We uphold the traditional liberal freedom of ideas. It is more than ever necessary today to affirm that, within the usual constraints against defamation, libel and incitement to violence, people must be at liberty to criticize ideas — even whole bodies of ideas — to which others are committed. This includes the freedom to criticize religion: particular religions and religion in general. Respect for others does not entail remaining silent about their beliefs where these are judged to be wanting.
14 Open source.
As part of the free exchange of ideas and in the interests of encouraging joint intellectual endeavour, we support the open development of software and other creative works and oppose the patenting of genes, algorithms and facts of nature. We oppose the retrospective extension of intellectual property laws in the financial interests of corporate copyright holders.
The open source model is collective and competitive, collaborative and meritocratic. It is not a theoretical ideal, but a tested reality that has created common goods whose power and robustness have been proved over decades. Indeed, the best collegiate ideals of the scientific research community that gave rise to open source collaboration have served human progress for centuries.
15 A precious heritage.
We reject fear of modernity, fear of freedom, irrationalism, the subordination of women; and we reaffirm the ideas that inspired the great rallying calls of the democratic revolutions of the eighteenth century: liberty, equality and solidarity; human rights; the pursuit of happiness. These inspirational ideas were made the inheritance of us all by the social-democratic, egalitarian, feminist and anti-colonial transformations of the nineteenth and twentieth centuries — by the pursuit of social justice, the provision of welfare, the brotherhood and sisterhood of all men and women. None should be left out, none left behind. We are partisans of these values. But we are not zealots. For we embrace also the values of free enquiry, open dialogue and creative doubt, of care in judgement and a sense of the intractabilities of the world. We stand against all claims to a total — unquestionable or unquestioning — truth.

C. Elaborations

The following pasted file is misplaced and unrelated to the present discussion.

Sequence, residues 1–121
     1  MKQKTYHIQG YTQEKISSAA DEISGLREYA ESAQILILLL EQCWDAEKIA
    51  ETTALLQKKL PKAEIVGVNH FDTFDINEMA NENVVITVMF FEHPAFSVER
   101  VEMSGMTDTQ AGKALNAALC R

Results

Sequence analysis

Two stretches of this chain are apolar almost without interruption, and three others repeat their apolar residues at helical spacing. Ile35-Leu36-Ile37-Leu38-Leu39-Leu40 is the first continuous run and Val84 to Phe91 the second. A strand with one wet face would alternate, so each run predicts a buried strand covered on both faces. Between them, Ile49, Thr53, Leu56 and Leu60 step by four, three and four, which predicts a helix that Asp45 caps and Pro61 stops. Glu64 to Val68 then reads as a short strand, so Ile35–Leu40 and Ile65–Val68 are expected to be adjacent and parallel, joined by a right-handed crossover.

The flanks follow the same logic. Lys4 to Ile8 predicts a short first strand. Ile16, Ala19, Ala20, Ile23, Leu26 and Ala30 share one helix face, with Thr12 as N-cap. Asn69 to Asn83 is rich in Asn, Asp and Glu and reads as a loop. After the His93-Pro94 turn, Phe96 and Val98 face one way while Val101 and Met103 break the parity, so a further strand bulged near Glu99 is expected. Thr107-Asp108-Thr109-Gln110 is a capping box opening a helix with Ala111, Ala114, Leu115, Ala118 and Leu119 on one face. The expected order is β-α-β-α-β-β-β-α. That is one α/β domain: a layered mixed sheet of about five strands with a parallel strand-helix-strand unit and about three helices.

We defend liberal and pluralist democracies against all who make light of the differences between them and totalitarian and other tyrannical regimes. But these democracies have their own deficits and shortcomings. The battle for the development of more democratic institutions and procedures, for further empowering those without influence, without a voice or with few political resources, is a permanent part of the agenda of the Left.
The social and economic foundations on which the liberal democracies have developed are marked by deep inequalities of wealth and income and the survival of unmerited privilege. In turn, global inequalities are a scandal to the moral conscience of humankind. Millions live in terrible poverty. Week in, week out, tens of thousands of people — children in particular — die from preventable illnesses. Inequalities of wealth, both as between individuals and between countries, distribute life chances in an arbitrary way.
These things are a standing indictment against the international community. We on the Left, in keeping with our own traditions, fight for justice and a decent life for everyone. In keeping with those same traditions, we have also to fight against powerful forces of totalitarian-style tyranny that are on the march again. Both battles have to be fought simultaneously. One should not be sacrificed for the other.
We repudiate the way of thinking according to which the events of September 11, 2001 were America's deserved comeuppance, or "understandable" in the light of legitimate grievances resulting from US foreign policy. What was done on that day was an act of mass murder, motivated by odious fundamentalist beliefs and redeemed by nothing whatsoever. No evasive formula can hide that.